His paper simply correlated Humason's red shift data and his own distance calculation If something's distant, he said, it would have a big red shift Early in this century, when Einstein was working out his new theory of gravitation he encountered the same problem that Newton had met 2 centuries earlier If all the stars are attracting each other, why doesn't the universe collapse? Now, the resolution of this problem came in a curious way, through the work of Edwin Hubble Hubble found that the universe was so immense that it really didn't matter.
It would take billions of years for the collapse to take place But of course, Hubble found that the universe was expanding An idea so overwhelming that he could hardly bring himself to belive it But Hubble had ,in fact, sampled only around a small part of the universe And the question remained was the rest of the universe like this part On Mt.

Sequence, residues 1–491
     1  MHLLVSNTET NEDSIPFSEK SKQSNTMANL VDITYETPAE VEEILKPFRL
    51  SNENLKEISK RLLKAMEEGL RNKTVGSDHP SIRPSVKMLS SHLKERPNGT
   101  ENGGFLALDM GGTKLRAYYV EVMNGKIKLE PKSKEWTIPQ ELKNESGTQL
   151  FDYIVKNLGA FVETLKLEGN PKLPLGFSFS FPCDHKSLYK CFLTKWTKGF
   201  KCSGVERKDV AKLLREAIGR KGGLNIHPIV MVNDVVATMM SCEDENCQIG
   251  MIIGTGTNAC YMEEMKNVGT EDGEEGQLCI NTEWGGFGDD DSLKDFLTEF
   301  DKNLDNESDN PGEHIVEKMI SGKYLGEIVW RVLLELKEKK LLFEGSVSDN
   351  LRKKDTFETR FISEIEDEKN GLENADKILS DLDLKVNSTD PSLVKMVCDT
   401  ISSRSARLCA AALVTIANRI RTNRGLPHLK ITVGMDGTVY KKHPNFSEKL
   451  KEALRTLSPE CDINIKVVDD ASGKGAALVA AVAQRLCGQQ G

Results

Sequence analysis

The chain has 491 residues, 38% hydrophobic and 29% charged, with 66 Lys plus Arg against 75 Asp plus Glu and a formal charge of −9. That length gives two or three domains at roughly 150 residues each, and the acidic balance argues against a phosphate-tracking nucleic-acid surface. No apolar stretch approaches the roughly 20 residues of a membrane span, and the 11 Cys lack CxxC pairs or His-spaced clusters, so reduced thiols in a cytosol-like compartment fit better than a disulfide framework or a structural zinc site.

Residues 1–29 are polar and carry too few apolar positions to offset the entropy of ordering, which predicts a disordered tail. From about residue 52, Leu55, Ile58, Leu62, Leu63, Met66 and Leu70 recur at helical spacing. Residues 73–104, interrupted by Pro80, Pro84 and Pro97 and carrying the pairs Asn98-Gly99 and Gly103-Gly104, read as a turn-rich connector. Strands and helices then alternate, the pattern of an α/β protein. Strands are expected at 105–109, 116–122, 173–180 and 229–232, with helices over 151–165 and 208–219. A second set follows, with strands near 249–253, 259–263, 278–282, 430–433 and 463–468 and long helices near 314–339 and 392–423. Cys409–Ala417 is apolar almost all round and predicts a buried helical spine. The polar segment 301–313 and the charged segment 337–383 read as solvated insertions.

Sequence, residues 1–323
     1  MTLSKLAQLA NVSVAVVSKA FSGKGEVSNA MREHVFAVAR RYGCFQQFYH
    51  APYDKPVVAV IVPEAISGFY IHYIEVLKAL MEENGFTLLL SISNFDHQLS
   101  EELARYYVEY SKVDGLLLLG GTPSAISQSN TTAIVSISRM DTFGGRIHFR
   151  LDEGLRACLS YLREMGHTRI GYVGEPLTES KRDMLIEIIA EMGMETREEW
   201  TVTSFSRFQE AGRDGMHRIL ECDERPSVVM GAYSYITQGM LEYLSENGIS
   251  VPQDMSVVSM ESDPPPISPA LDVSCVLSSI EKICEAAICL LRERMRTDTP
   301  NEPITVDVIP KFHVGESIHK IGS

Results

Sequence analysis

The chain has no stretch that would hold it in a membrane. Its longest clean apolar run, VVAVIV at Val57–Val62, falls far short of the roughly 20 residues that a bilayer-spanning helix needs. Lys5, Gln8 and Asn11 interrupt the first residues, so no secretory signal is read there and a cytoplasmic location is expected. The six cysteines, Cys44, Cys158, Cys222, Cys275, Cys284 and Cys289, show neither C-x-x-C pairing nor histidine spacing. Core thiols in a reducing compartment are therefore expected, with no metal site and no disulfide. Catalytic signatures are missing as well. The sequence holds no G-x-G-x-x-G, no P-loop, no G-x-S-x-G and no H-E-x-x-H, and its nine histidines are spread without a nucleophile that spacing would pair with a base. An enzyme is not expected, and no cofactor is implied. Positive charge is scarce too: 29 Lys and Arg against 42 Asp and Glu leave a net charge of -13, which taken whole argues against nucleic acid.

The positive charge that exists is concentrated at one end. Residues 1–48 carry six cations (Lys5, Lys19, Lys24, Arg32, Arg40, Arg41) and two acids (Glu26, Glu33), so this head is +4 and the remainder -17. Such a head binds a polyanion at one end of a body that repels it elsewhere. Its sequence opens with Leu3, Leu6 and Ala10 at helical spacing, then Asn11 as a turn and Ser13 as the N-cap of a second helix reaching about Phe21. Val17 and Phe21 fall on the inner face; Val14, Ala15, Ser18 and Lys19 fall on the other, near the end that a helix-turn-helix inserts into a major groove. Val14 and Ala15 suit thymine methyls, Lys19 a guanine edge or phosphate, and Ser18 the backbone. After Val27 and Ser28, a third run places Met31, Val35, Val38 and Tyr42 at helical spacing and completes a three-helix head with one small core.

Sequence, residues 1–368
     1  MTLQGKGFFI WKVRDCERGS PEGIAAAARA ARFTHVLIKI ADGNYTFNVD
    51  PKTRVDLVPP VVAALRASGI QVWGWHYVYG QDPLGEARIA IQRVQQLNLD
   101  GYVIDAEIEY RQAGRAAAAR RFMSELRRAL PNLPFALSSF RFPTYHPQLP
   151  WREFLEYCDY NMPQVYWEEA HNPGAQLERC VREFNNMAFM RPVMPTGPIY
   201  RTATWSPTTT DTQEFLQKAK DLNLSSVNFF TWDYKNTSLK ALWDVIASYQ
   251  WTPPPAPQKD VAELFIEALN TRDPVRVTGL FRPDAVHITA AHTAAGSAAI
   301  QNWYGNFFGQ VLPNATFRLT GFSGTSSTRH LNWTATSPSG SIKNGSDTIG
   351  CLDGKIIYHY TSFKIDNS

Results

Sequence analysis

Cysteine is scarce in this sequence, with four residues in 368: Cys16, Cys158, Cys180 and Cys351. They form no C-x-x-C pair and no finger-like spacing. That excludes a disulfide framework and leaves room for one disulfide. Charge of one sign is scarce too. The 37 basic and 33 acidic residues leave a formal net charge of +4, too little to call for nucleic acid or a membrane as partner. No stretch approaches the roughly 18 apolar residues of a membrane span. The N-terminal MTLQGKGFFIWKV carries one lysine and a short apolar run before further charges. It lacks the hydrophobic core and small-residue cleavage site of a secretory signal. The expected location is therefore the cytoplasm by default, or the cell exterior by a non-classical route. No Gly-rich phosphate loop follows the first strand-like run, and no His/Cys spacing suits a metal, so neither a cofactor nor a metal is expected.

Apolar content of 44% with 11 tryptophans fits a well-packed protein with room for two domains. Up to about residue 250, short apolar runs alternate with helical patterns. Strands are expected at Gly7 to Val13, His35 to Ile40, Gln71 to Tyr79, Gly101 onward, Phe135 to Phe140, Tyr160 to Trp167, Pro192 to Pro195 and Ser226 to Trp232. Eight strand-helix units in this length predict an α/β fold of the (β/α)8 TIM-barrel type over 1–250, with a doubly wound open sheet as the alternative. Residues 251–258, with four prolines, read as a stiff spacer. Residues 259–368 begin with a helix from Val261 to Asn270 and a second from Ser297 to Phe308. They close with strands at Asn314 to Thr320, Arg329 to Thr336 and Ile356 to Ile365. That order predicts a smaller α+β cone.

Palomar, away from this [spreading light] of Los Angeles 2 new telescopes were built to sample still more of the universe One was by far the largest in the world, and the [crowning] achievement of George Ellery Hale's career With 6 million dollars, it would have a collecting area 200-inches across 16 tons of glass it took a year for the casting to cool, and another year to be ground to see as clear as possible in the [doom light] as Hubble did [could this portray] in his [crammed pocket cage] Just across the hill, a much smaller dome houses the 48-inch Smith named after its inventor This is a rather special telescope because it was designed exclusively for taking pictures It is, in fact, a giant-sized camera We take the photograph on glass plates which are held in the plate holder like this they can be up to 14 inches on a side and the plate holder actually goes inside the telescope George.